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Michelle Carter, the 20-year-old Massachusetts woman who was sentenced to serve 15 months in jail for the role she played in her boyfriend’s 2014 suicide, is coming under fire again.
Now the mother of Carter’s late boyfriend, Conrad Roy III, is suing the woman, filing a wrongful death lawsuit seeking $4.2 million in lost future wages for Roy.
Carter, you may recall, allegedly encouraged Roy to kill himself when he was 18. He died of carbon monoxide poisoning after locking himself in his truck.
Proof of Carter’s role was seen in phone calls and text messages in the days leading up to his suicide, with one text to Roy on the day of his death that said: “No more thinking. You need to just do it. Just park your car and sit there and it will take, like, 20 minutes. It’s not a big deal.”
Other text messages read: “You always say you’re gonna do it, but you never do. I just want to make sure tonight is the real thing,” “You just have to do it” and “It’s painless and quick.”
During the trial, Carter’s lawyer argued that the text messages were constitutionally protected speech, with People.com reporting that a court filing noted that the texts, according to her lawyer, “did not contain anything remotely resembling a threat.”
Among the messages, her lawyer also explained, were texts from Carter telling Roy to get “professional help.”
While Carter’s lawyer said that Roy would have committed suicide without his girlfriend’s input, Carter was convicted of involuntary manslaughter and sentenced to serve 15 months in jail, with five years of probation following her jail term. Carter is currently free, pending an appeal.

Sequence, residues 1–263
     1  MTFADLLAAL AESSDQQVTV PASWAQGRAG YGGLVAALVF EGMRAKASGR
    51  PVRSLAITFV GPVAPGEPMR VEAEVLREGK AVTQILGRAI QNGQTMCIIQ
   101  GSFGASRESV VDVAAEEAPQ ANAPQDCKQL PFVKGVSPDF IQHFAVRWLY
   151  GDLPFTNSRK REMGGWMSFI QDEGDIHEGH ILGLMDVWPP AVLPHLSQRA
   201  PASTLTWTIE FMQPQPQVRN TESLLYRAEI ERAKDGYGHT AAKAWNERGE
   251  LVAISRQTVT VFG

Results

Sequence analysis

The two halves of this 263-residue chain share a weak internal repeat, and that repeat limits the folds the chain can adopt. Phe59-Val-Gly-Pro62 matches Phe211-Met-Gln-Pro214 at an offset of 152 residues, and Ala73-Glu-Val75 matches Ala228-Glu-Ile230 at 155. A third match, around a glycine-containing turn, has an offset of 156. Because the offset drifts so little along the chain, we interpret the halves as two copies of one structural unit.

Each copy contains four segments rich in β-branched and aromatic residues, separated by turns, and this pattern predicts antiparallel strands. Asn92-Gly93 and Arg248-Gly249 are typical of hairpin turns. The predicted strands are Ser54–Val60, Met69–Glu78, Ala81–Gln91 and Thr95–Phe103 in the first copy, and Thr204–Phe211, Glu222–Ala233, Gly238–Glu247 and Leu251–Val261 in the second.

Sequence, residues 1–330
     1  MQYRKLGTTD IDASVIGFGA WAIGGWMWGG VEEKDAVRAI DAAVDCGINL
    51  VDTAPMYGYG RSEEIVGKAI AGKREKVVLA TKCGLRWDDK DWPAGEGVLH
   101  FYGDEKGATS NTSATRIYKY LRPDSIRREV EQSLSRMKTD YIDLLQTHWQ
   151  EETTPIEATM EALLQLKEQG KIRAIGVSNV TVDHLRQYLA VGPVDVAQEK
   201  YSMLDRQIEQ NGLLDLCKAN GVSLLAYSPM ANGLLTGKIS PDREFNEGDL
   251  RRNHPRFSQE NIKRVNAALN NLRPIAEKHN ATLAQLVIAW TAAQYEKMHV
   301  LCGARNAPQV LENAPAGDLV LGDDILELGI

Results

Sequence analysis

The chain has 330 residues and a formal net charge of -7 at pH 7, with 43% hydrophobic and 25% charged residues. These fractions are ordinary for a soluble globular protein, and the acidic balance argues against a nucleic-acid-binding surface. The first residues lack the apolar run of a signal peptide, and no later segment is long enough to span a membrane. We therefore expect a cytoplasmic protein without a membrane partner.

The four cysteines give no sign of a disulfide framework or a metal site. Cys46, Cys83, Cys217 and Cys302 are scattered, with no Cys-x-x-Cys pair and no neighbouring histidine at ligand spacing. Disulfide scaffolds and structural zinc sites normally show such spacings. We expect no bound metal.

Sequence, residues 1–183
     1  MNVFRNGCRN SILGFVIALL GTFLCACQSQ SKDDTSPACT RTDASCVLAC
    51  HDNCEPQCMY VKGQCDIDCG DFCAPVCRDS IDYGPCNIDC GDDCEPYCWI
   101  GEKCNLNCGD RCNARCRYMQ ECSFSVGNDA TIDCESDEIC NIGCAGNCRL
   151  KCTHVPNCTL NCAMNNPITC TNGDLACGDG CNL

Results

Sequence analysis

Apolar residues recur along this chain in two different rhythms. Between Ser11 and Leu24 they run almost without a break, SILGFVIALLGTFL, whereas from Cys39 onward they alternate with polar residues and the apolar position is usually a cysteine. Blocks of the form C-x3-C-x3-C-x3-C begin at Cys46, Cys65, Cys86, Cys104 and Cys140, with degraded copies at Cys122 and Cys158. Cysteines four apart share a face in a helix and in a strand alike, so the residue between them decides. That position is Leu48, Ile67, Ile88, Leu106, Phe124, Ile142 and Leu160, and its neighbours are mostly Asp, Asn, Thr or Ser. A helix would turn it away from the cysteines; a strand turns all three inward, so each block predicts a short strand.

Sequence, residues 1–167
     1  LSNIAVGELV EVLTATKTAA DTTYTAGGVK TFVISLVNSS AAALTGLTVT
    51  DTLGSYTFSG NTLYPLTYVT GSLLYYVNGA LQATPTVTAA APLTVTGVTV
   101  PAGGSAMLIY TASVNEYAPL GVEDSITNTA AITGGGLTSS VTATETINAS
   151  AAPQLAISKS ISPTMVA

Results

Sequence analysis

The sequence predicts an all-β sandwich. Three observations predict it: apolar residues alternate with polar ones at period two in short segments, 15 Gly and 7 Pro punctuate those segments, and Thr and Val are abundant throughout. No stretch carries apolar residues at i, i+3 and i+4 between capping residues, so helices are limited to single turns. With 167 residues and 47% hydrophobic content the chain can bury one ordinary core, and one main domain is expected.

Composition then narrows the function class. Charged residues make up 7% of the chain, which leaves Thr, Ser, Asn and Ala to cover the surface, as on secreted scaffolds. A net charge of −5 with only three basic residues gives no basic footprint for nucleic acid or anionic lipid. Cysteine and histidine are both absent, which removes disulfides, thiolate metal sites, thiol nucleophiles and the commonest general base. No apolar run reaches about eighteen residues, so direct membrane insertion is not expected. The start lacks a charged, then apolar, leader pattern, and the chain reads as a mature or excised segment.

Roy’s family was outraged by the sentence, with one of his relatives telling reporters: “You don’t want to know our thoughts on today. Go interview her tomorrow while she’s at f***ing Disney World!”
Those who commented on the New York Daily News’ video coverage of the lawsuit had strong opinions about the matter, with one writing: “She didn’t talk him into suicide. The dude had already made 3 suicide attempts before he even met her. The criminal conviction was a joke and will be reversed on appeal. This civil suit is just pathetic.”
Another person weighed in with this comment: “So she is suing for future lost wages…really? This is someone that apparently was so suicidal and didn’t have a brain in his head to understand he didn’t have to listen to this girl’s text messages, but he could have earned millions? This only proves what the next generation is coming to and not taking responsibility for their OWN actions. Why is nobody saying ‘Why were his parents not monitoring him?’ if he was that vulnerable?”
Another person noted how Carter’s many texts showed criminal intent, writing: “Had she sent one message, there could be a scenario where I could excuse her actions as an unfortunate accident. But, it is my understanding that she sent out a series of messages over a period of weeks or months. That’s no accident. That’s criminal intent.”
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